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Evaluating biobanks’ success based on their value for research

250 attendees in Berlin for the fifth National Biobank Symposium

15 December 2016. In future, biobanks’ success should be measured not only by the number of samples they store – but on how many of those resources are leveraged for research projects. This suggestion was made by Dominic Allen, Chief Operating Officer at the Integrated BioBank of Luxembourg (IBBL), during his keynote address at the beginning of the fifth German National Biobank Symposium. The event drew approximately 250 attendees to Berlin, Germany, on 7 and 8 December 2016.

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A Bit of Berlin in Bethesda

Biobanking highlights in a nutshell at ISBER Regional Meeting 2016

14 November 2016. Highlights and conclusions from the ISBER Annual Meeting held in Berlin/Germany in April 2016 were summarized in a session chaired by Roman Siddiqui (TMF/Germany) and Cari Lichtman (American Cancer Society/USA) at the ISBER Regional Meeting in Bethesda/USA on November 7, 2016. This was another opportunity to present Germany’s vibrant and well-organized biobanking community.

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Zoonoses: ancient pathogens offer lessons for the future

National Symposium on Zoonoses Research 2016 on October 13–14 in Berlin to showcase topics ranging from archaeogenetics to the Zika virus

6 Oktober 2016. Analysis of the genomes of very old pathogens can shed new light on the infectious diseases of today and of the future – and that includes zoonoses. Zoonoses are diseases which are transmitted between humans and animals. They constitute the majority of known infectious diseases in humans. At the National Symposium on Zoonoses Research on October 13–14, 2016 in Berlin, Prof Johannes Krause (Max Planck Institute for the Science of Human History) will give a talk on how the study of ancient pathogens could enable the prediction and prevention of future infectious diseases.

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Dockerbank: biomedical IT solutions containerised

TMF workshop shows high demand for practical tools for managing software architectures

16 September 2016. Biomedical informatics specialists support research and deliver innovative IT tools and services. But evaluating, installing and configuring these tools and services remains a complicated business. Docker containers make it possible to load and run applications with just a single command. Users from a wide range of user groups (routine hospital IT, research institutes and centres, research networks) came together at a training workshop organised by TMF to explore the theory behind the Docker architecture and to practice setting up their own Docker containers.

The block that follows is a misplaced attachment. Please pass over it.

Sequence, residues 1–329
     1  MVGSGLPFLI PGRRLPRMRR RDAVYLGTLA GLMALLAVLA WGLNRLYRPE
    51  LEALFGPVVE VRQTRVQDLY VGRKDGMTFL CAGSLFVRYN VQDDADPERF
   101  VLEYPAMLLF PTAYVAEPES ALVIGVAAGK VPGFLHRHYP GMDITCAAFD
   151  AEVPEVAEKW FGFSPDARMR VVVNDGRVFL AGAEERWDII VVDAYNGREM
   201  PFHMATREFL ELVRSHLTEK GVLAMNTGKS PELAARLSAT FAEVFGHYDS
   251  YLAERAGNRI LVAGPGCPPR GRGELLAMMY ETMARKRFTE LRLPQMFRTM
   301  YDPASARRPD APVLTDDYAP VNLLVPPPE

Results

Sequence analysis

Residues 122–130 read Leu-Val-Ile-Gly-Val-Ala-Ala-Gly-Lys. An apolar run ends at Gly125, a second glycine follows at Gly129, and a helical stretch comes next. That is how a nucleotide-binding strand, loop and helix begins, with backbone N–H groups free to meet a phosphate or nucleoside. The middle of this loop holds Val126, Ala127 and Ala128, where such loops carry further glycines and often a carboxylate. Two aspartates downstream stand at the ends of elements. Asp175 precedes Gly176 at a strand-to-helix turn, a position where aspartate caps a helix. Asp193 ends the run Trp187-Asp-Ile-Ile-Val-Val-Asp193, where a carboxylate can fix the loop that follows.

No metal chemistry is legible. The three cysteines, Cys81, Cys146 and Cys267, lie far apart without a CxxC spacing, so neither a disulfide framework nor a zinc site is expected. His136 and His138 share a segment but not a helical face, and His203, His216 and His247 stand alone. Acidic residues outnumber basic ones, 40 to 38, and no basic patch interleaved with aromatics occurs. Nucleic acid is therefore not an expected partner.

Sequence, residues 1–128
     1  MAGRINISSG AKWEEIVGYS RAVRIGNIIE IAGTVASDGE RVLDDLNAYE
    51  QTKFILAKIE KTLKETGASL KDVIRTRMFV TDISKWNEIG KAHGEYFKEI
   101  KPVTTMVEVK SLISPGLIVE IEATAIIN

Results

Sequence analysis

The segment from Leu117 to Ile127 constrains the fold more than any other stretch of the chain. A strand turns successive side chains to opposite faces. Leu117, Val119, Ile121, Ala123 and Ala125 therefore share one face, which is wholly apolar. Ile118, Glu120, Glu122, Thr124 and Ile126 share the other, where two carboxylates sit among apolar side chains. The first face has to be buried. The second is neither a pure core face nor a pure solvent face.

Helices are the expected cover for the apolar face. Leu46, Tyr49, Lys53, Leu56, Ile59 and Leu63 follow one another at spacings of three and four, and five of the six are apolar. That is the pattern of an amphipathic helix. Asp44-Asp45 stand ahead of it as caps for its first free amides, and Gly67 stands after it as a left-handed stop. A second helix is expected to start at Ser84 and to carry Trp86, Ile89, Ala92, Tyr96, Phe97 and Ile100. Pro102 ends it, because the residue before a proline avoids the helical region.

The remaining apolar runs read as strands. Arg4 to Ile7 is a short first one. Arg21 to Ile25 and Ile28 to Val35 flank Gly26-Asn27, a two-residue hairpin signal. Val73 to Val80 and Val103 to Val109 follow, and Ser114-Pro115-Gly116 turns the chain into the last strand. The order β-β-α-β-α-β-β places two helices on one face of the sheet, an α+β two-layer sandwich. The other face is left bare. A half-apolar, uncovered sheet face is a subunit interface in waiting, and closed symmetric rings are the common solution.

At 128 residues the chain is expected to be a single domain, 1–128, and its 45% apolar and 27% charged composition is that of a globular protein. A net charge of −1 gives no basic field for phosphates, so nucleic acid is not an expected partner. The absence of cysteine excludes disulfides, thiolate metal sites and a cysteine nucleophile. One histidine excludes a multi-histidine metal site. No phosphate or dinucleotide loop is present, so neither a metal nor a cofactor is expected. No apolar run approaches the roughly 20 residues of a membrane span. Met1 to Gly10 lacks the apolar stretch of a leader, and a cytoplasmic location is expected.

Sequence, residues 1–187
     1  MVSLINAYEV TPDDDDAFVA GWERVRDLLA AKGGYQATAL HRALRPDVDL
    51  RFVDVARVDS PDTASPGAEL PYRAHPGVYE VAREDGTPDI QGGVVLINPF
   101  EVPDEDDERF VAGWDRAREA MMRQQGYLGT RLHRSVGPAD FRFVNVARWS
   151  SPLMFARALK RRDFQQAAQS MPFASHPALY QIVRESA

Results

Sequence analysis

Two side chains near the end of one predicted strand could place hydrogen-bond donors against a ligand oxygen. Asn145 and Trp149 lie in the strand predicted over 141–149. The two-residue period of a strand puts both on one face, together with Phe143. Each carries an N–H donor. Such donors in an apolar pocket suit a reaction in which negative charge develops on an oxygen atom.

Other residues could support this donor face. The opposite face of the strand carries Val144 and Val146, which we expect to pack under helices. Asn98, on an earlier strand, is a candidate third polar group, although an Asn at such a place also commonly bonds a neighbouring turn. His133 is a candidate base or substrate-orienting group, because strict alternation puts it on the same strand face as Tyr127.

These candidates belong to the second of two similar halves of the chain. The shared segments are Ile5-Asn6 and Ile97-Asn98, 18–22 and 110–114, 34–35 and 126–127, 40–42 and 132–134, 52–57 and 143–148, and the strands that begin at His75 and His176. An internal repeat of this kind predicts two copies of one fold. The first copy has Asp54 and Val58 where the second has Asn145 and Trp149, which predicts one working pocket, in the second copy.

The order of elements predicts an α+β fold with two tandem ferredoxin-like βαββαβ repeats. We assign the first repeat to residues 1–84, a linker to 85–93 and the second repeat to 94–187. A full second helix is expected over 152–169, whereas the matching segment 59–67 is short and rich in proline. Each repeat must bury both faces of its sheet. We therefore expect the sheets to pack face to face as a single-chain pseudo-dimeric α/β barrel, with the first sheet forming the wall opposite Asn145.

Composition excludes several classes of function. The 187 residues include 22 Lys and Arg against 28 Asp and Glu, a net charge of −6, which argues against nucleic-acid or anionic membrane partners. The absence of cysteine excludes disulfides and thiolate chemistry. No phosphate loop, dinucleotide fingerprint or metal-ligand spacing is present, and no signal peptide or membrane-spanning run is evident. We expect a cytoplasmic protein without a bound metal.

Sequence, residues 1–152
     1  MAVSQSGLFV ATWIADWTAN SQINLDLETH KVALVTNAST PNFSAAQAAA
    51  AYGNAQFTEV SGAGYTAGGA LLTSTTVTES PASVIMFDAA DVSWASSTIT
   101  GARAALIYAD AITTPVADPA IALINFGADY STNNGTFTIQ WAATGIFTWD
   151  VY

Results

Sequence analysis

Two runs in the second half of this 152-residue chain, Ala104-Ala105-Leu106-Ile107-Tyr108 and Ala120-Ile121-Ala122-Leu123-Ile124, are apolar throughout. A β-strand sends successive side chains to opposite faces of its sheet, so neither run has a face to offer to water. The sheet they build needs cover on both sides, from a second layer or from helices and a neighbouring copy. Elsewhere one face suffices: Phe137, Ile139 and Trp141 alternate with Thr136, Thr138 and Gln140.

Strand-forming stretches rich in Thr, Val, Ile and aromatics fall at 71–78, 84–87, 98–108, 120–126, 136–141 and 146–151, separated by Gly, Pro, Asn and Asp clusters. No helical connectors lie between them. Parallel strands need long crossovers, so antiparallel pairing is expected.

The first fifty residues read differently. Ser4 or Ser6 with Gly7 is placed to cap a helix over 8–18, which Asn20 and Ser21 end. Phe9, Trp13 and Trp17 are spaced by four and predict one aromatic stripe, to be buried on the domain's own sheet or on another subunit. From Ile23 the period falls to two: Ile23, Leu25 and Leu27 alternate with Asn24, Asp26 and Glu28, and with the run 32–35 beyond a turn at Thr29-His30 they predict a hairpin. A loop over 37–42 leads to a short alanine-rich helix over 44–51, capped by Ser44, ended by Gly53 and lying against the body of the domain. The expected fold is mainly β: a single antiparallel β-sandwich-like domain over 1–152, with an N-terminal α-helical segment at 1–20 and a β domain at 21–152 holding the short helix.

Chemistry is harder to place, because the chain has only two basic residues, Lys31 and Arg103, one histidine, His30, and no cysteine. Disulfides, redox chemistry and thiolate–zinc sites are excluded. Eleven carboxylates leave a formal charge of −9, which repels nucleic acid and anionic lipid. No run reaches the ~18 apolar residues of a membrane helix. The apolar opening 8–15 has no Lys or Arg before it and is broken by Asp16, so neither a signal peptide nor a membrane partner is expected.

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“Scientific infrastructure is becoming more and more important in the life sciences”

Interview with Dr Katja Hartig (DFG) on the launch of projects utilising TMF services

September 2016. Last year, the DFG invited applications for grants for research projects making use of TMF services. Work on the projects selected is now starting. Dr Katja Hartig, Programme Director Medicine at DFG, discusses the objectives of the grants provided and what the DFG is doing to help organisations better handle their research data and to expand and operate the research infrastructure that this requires.

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The complexity of health necessitates interdisciplinary research collaboration

HEC 2016 in Munich – TMF participation includes presentations, workshops and information booth

5 September 2016. Health – Exploring Complexity is the title given to a joint conference organised by German and European medical informatics and epidemiology associations (GMDS, DG Epi, IEA and EFMI). The event was held from August 28 to September 2, 2016 and was attended by around 1,300 delegates. TMF participation included presentations, workshops and an information booth.

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Data management and integration with tranSMART

TMF presents platform for analysing phenotype and genotype data

9 August 2016. Networked medical research projects often collect and combine data from different sources, using different processes and at different sites. Improving the long-term availability of this data and enabling reproducible analysis is an important task for medical informatics. The tranSMART platform, currently deployed in Erlangen, Göttingen, Heidelberg and Kiel, is designed to facilitate just this type of analysis. It was presented at a TMF workshop in Berlin on August 5, 2016. The platform offers the advantage of supporting both clinical and genome data.

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For further news articles see menu item News.


 
News

Evaluating biobanks’ success based on their value for research

250 attendees in Berlin for the fifth National Biobank Symposium


 
Interviews

“Scientific infrastructure is becoming more and more important in the life sciences”

Interview with Dr Katja Hartig (DFG) on the launch of projects utilising TMF services


 
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